So back to Dalrymple’s question of what the Surface solves, which I would answer with: it solves the same problem that car manufacturers solved (or tried to solve) with SUVs. Some people want both a car and a truck, but can’t afford both. That doesn’t necessarily mean that the Surface solves the problem well, but it solves the perceived problem of needing a hybrid device. It’s essentially the same thing original tablets tried to solve, just in a different form factor this time around.
I like this analogy because it carries the implications and problems of trying to combine a car and a truck. SUVs have some characteristics of a truck: they’re enormous, and not fuel efficient. The average buyer of them is going to use them like a car, and these drawbacks become vastly more apparent when one drives their SUV in the city. And, conversely, they’re not quite as good as a truck for moving a bunch of lumber or a large wardrobe, for example.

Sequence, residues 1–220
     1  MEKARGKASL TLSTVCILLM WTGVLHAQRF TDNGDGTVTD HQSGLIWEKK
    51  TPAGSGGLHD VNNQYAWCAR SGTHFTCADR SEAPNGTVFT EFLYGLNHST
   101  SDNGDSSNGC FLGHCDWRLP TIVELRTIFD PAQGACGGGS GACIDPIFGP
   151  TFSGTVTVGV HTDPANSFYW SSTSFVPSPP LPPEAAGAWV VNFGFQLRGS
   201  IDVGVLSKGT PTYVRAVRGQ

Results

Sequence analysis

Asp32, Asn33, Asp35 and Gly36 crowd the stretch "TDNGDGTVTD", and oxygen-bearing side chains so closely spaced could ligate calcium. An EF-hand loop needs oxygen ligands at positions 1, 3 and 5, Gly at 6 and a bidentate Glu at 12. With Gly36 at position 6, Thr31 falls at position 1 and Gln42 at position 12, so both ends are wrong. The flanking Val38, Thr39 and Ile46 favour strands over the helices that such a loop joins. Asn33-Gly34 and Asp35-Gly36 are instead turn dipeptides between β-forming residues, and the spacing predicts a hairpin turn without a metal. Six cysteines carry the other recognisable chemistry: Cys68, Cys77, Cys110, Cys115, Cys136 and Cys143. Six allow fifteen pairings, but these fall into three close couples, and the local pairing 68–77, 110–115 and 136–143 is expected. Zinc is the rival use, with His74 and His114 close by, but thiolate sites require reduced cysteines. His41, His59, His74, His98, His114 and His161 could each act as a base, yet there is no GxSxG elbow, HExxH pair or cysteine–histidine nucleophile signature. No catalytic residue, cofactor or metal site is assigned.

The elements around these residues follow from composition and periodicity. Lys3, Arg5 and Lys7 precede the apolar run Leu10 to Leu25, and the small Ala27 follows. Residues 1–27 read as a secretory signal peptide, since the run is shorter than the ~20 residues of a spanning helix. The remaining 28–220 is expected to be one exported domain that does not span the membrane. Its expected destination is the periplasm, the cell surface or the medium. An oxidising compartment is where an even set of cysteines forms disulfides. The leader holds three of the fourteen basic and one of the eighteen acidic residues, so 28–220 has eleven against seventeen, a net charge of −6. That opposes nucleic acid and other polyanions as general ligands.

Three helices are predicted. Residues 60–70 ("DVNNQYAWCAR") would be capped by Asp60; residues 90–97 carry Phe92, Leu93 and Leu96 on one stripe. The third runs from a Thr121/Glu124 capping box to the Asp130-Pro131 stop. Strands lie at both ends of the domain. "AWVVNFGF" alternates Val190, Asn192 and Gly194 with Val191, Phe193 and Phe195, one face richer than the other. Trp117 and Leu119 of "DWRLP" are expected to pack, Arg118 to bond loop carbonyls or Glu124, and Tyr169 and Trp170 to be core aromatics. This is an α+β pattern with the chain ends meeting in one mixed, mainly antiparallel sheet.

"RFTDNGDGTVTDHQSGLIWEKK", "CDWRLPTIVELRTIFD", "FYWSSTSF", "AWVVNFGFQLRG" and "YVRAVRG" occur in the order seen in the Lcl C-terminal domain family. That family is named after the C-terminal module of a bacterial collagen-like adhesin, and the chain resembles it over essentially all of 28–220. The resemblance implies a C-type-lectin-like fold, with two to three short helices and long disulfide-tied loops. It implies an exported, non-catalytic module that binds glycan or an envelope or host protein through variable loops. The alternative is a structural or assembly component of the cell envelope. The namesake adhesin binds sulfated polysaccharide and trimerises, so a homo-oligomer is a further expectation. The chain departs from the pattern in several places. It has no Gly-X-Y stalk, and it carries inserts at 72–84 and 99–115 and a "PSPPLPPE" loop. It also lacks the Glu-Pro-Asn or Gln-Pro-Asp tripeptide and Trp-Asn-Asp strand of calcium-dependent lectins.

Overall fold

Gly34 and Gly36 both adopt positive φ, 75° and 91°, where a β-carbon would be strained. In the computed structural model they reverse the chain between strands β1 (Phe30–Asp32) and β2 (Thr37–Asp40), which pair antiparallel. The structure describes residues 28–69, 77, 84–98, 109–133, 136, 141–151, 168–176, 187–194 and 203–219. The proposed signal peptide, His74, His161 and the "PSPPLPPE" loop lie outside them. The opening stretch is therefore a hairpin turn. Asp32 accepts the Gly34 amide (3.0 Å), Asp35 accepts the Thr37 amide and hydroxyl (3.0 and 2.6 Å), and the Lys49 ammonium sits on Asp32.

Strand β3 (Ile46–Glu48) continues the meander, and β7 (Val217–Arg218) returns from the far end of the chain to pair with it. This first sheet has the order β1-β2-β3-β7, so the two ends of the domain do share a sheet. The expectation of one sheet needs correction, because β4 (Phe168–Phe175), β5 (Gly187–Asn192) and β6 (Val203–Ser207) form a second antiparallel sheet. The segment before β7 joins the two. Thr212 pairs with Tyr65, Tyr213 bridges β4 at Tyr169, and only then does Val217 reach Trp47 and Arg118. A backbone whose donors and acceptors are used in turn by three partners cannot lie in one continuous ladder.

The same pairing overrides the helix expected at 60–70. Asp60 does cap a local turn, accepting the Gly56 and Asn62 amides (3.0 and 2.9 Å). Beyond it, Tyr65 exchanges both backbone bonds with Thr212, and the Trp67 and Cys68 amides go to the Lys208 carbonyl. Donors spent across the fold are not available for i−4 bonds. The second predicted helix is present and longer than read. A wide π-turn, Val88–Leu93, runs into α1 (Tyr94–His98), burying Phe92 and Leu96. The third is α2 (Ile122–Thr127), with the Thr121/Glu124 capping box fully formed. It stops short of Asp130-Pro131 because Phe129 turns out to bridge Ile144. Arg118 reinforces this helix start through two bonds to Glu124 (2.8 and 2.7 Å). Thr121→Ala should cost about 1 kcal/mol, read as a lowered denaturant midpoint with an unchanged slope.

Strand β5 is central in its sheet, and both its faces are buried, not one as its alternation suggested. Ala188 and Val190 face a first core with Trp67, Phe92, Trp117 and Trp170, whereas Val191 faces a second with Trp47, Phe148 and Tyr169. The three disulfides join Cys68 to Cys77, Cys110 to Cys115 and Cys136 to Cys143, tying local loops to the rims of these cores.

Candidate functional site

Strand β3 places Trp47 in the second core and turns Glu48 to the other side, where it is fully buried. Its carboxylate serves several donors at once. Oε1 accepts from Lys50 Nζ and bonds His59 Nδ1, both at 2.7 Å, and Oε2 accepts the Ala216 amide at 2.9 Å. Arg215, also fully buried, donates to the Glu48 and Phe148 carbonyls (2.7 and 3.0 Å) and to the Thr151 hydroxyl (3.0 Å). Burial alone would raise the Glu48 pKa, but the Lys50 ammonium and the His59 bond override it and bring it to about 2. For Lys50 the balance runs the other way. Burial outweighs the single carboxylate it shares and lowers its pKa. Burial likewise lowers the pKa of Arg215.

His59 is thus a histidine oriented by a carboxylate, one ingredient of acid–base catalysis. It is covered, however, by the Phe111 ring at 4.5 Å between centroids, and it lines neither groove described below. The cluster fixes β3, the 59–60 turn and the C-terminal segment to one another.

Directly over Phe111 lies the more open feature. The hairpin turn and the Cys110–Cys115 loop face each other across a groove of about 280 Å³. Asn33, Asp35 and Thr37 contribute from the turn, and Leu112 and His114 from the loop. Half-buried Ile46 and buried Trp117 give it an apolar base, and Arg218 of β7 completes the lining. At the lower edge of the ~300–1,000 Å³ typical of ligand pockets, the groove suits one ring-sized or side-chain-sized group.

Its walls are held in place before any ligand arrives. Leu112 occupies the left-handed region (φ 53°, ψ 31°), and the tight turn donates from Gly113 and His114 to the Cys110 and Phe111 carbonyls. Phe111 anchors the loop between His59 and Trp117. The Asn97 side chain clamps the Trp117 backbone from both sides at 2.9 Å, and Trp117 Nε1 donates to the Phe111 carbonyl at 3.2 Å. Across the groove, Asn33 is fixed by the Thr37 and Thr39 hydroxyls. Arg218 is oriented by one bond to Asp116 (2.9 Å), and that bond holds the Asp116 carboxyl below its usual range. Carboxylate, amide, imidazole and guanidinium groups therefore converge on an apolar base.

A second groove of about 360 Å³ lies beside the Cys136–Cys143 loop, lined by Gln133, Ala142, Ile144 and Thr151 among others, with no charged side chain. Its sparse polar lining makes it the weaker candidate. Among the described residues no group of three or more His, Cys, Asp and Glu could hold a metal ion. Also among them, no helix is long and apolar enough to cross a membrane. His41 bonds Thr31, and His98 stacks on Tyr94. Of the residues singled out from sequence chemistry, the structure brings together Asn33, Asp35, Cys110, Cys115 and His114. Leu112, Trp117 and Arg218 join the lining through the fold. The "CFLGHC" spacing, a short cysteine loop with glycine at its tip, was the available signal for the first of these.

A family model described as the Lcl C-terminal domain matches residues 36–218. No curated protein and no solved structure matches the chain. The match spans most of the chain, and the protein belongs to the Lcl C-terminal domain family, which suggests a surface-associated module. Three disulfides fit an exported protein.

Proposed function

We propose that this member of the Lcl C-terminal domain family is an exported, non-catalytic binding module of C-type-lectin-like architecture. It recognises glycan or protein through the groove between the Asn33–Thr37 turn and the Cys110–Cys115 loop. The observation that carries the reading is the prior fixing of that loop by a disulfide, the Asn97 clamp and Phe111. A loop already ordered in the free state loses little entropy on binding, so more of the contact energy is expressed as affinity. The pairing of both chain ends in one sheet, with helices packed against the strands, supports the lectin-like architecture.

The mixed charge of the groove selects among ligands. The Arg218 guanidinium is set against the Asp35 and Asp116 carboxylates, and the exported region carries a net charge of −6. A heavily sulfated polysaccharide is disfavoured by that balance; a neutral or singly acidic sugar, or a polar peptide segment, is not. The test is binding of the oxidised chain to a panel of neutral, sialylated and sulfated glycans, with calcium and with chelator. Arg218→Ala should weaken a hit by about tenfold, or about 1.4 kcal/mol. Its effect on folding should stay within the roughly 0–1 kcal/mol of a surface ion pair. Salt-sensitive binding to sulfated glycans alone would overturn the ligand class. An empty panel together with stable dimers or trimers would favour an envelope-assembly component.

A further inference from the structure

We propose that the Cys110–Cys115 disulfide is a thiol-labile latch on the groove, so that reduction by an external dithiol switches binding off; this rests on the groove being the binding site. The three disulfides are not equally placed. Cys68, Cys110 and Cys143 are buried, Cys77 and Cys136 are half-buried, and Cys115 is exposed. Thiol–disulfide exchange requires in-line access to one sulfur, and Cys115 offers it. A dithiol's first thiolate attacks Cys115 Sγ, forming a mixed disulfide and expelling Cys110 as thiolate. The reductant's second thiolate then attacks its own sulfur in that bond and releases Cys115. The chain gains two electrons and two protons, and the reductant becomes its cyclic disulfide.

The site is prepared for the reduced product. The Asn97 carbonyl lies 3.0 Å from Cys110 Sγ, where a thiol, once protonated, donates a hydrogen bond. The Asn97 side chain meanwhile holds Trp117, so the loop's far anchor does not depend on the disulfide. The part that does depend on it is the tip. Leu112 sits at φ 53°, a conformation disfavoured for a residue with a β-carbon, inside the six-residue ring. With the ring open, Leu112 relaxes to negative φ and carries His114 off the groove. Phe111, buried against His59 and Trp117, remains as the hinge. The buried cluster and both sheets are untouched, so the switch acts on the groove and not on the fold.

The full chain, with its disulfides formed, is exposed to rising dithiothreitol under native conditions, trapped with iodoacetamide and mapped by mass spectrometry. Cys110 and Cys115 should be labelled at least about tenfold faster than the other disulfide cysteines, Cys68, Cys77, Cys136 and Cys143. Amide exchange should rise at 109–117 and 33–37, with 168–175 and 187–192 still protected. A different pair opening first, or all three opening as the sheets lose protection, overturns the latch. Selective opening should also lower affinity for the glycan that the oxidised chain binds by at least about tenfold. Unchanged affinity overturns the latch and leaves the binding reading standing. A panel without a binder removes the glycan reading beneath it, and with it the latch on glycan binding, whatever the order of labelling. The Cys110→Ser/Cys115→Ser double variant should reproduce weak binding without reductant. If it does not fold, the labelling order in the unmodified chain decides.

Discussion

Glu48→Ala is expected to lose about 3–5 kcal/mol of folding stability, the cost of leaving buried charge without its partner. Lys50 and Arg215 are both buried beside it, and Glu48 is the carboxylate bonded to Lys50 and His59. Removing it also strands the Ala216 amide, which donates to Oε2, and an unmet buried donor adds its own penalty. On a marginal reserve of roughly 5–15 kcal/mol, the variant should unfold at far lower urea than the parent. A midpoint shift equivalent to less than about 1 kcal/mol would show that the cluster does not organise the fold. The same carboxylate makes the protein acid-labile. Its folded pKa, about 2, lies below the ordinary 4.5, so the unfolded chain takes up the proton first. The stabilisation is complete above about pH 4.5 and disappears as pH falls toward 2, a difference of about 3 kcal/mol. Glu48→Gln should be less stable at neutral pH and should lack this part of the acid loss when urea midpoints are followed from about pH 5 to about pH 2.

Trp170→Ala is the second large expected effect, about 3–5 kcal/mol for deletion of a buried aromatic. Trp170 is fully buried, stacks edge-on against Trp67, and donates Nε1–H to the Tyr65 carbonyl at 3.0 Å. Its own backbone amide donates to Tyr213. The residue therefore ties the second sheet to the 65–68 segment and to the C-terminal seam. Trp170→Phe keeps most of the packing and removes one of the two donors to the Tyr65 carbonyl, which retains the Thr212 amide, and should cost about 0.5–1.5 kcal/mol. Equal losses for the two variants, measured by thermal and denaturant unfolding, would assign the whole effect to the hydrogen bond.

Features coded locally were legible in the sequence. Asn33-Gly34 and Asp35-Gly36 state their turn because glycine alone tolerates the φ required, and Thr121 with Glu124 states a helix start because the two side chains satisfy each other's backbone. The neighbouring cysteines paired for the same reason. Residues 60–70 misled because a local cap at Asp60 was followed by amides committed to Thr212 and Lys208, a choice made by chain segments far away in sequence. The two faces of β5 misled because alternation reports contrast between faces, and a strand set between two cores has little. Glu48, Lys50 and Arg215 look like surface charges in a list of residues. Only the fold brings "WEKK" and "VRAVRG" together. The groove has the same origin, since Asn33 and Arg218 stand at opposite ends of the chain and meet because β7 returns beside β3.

Much in the same way, if the iPad is a car and a laptop is a truck, the Surface tries to hit the middle point. Unsuccessfully, I might add.